Virginia Woolf Wrote Postcards Too!

Instead of showcasing more children’s book illustration postcards today, as planned, I’ve decided to share a few Virginia Woolf postcards. Why? Because today is Virginia Woolf’s birthday, of course. Now, I know we just celebrated A.A. Milne and Winnie-the-Pooh last week, but rest assured, Pics and Posts will not become the blog that celebrates all the birthdays of all the famous people.

I’ve had some Woolf postcards that have been in the “to be blogged” box for quite some time–so what better time to bring them out than her birthday?

Virginia Woolf. Photograph by George C. Beresford/Hulton Archive/Getty Images

This postcard comes from a collection I’m not to crazy about because there are too few women and two few people of color. But I do love this “classic” portrait of Woolf.

Virginia Woolf, Jacob’s Room, 1922. From BIBLIOPHILIA: 100 Literary Postcards, Obvious State Studio, 2015.

The “wild horse” postcard comes from Bibliophilia: 100 Literary Postcards. The collection offers postcards featuring quotes from favorite authors. Most are dead white men, but the quotes and artwork make the omission forgivable.  Somewhat.

Virginia Woolf. Art by Adolfo Falces Delgado. Collection, Literary Celebrities, 2016.

The postcard above is by far the best Virginia Woolf postcard I’ve seen (yet). My friend Cy picked it up for me at a museum in Madrid during her travels last summer.  It has a literary twin that I will share another time.

I didn’t encounter Virginia Woolf till I was working on my master’s degree at the University of Florida (Go Gators!).  I studied her works in both Modern British Literature and Feminist Theories, facilitated by the inimitable Drs. R. Brandon Kershner and Elizabeth Langland, respectively. I appreciated her works–for many “critical” reasons–especially because Woolf and her texts gave me, a person who  studies mental illness in literature, a lot to think about and discuss.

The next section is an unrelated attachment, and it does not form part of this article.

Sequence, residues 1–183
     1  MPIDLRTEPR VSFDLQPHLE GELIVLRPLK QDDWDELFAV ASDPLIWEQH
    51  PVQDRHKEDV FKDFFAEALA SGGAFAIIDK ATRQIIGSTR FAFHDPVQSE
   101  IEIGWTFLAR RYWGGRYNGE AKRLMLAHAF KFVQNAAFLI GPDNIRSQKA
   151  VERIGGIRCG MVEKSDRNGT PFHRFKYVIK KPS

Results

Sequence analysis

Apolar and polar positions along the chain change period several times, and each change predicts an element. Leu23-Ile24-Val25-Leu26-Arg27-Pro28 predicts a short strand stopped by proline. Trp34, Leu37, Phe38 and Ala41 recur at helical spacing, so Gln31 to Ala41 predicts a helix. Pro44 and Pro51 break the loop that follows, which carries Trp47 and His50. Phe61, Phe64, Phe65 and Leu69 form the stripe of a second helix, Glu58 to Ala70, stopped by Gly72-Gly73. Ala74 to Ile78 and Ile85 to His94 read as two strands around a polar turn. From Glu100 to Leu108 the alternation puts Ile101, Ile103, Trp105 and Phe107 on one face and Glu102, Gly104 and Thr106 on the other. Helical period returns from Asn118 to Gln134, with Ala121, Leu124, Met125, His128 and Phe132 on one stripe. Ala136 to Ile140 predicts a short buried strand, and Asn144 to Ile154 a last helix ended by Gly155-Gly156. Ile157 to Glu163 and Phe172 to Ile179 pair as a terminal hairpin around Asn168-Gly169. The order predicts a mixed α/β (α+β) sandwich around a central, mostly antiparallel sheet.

Here are a few of my favorite Woolf quotes– if I can stop at a few!

On madness:

All extremes of feeling are allied with madness.

On bookish people:

When the Day of Judgment dawns and people, great and small, come marching in to receive their heavenly rewards, the Almighty will gaze upon the mere bookworms and say to Peter, “Look, these need no reward. We have nothing to give them. They have loved reading.”

On women and creativity:

A woman must have money and a room of her own if she is to write fiction.

I would venture to guess that Anon, who wrote so many poems without signing them, was often a woman.

If you prefer something a bit more “lowbrow” from Woolf, check out her “most savage insults” at the Literary Hub.

Brain Pickings offers a worthwhile read on media’s misinterpretation of Woolf’s suicide letter.   [There are links to other Brain Pickings articles on Woolf, so you might want to check those out too].

And of course, Woolf wrote lots of letters and postcards too! 😉